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The doors are closing in

Gregory Meeks (D-NY) said this one on “Ths Last Word” – “…the Republicans have no way out, the doors are closing in…”  It is a congruent conflation of “the walls are closing in” and “the doors are closing”, both meaning running out of time and the end is nearing.  Doors and walls can be confusing.  A big thanks to Frank King for hearing this one and sending it in.
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Quid pro quo is one of these things to muddy the works

This gem was uttered by Congressman Jim Himes (D-CT) yesterday on Meet the Press, talking about the Trump impeachment inquiry.  It is a mashup of “muddy the waters” (to make a situation less clear) and “gum up the works” (to interfere with the proper functioning of something).   Both expressions refer to degrading something, and “works” and “waters” might have been jumbled by the phrase “water works”?   A big shout out to Bruce Ryan who heard this one and passed it on.  @jahimes @MeetThePress

You can hear this malaphor just about at the beginning of the video:

 

 


The top kahuna, Donald Trump

Former Watergate prosecutor Nick Akerman on MSNBC (Ari Melber’s show) uttered this gem, talking about Rudy Giuliani and the Ukrainians working for Trump.  It’s a mashup of “big kahuna” and “top dog”, both referring to a person in charge.  You can hear this one about 3 minutes into the video.  Link is:
https://www.msnbc.com/the-beat-with-ari/watch/-a-major-conspiracy-indicted-giuliani-aides-could-sing-to-feds-71931973526
This mixed idiom is similar to a similar malaphor posted a few years ago –  “head kahuna”, mixing once again “big kahuna” and this time “head honcho.  https://malaphors.com/2013/09/11/hes-the-head-kahuna/
A big thank you to Frank King for hearing this one and passing it on.  He’s the top kahuna of malaphors! @nickakerman

Get them off the stick AND on their back heel

That’s right, a malaphor two-fer, from the lips of Jennifer Rubin, heard on MSNBC the other night.  Here is what she said:

On Republicans, “how many points will the Dow have to drop to …get them off the stick?”  This is a nice congruent conflation of “get on the stick” and “get off the dime”, both meaning to organize oneself and start preparing for something.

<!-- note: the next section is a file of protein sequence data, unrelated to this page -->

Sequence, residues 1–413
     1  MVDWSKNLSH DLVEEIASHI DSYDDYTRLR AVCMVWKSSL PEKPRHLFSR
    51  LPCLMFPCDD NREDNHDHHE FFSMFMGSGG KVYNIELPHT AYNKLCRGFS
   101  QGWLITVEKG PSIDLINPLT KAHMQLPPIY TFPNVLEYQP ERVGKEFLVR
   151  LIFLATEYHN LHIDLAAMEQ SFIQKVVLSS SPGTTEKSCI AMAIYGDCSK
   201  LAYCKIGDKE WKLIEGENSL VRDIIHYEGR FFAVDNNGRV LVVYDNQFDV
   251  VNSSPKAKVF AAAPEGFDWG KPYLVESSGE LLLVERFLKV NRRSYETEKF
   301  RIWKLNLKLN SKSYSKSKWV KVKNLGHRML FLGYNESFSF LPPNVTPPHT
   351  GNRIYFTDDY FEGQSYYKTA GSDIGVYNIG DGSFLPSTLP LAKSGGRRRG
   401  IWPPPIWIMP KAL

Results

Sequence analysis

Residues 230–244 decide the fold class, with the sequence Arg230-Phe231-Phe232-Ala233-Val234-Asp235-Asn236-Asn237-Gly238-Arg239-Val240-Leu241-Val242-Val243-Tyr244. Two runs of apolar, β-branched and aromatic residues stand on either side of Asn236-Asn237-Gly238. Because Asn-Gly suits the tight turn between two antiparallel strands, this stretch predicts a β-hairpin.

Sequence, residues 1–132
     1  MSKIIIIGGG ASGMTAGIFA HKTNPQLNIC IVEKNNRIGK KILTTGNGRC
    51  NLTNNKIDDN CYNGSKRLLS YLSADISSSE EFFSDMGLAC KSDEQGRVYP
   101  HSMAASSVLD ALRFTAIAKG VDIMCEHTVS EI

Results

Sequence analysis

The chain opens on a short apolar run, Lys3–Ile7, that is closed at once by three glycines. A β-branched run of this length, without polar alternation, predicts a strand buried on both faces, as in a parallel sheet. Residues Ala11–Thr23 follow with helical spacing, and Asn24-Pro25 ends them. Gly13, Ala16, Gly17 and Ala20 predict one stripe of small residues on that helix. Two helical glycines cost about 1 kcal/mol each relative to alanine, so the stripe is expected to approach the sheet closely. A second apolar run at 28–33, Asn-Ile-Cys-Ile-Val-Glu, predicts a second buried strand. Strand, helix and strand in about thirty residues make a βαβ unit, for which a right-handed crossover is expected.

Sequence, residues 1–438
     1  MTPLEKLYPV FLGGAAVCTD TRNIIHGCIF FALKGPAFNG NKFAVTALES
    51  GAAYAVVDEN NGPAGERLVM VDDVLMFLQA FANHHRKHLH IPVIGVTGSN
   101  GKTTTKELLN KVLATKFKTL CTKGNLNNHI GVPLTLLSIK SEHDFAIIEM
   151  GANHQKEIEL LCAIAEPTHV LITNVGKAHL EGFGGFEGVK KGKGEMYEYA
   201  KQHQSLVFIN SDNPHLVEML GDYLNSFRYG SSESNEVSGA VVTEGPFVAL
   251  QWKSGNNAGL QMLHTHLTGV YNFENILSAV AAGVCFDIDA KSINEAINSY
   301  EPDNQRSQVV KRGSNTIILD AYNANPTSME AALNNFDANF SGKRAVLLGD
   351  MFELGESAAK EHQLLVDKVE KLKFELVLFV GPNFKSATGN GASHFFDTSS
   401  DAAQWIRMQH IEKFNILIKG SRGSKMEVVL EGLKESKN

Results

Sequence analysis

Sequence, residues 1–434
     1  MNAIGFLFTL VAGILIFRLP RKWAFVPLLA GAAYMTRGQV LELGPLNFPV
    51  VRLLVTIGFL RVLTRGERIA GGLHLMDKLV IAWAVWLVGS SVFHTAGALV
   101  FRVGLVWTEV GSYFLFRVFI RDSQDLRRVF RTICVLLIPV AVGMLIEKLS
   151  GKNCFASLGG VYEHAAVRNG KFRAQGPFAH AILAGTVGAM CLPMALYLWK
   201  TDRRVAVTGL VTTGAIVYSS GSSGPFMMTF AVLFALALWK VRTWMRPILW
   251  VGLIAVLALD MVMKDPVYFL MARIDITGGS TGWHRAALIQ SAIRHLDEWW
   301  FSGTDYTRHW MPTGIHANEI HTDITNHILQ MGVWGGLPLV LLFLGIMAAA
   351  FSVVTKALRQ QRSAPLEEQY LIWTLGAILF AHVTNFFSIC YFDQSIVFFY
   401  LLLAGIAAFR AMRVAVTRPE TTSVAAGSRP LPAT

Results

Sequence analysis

On Trump’s opponents, “he’s always thrived on chaos, …he thinks it puts his opponents on their back heel.”  This is a mashup of “back on his heels” (to put into a state of unease or surprise) and “flat on (one’s) back” (lacking the strength to get up).

A big, big thanks to Frank King for hearing these gems and passing them on!

 


It’s not number one on the burner

The Malaphorer in Chief, Donald Trump, uttered this beauty when he was discussing his idea to purchase Greenland.  “It’s not number one on the burner, I can tell you that.”  This is a congruent conflation of “not number one on the list” and “not on the front burner”, both meaning not a high priority.  https://www.washingtonpost.com/politics/kudlow-says-white-house-is-looking-at-trying-to-buy-greenland/2019/08/18/ab367b6c-c1bb-11e9-b5e4-54aa56d5b7ce_story.html.

This one was heard by several loyal malaphor followers, including Barry Eigen, Donna Calvert, and Frank King.  This Trump malaphor is not the first.  Check my book out, “He Smokes Like a Fish and other Malaphors” (available on Amazon) for more mashups from him.  There are also many more on this blog.  Search “Trump”.


He flows with the wind

This was uttered by Congressman Max Rose (D-NY) on MSNBC’s Morning Joe show.  Rose was talking about efforts to pass gun legislation and he said, referring to Trump, “this President, I believe, has no inner core beliefs.  He flows with the wind.”  This is a congruent conflation of “goes with the flow” and “blows with the wind”, both meaning to act according to prevailing circumstances rather than a consistent plan.   “Blow” rhymes with “flow” which could have contributed to the mashup.  A shout out to Mike Kovacs for hearing this one and sending it in.  Picture suggested by Mike!


They’re not holding any punches

Ayman Mohyeldin on MSNBC uttered this one when he was talking about Trey Gowdy and Republicans criticizing Democrats and Mueller’s testimony.  It is a congruent conflation of “not holding back” and “not pulling any punches”, both meaning to act without restraint or limitations.  The congruent conflation to me is the purest form of a malaphor.  The speaker is thinking of the correct idiom but there are other idioms that mean the same thing swirling in the brain.  A big thanks to Frank King for hearing this subtle but classic malaphor. @AymanM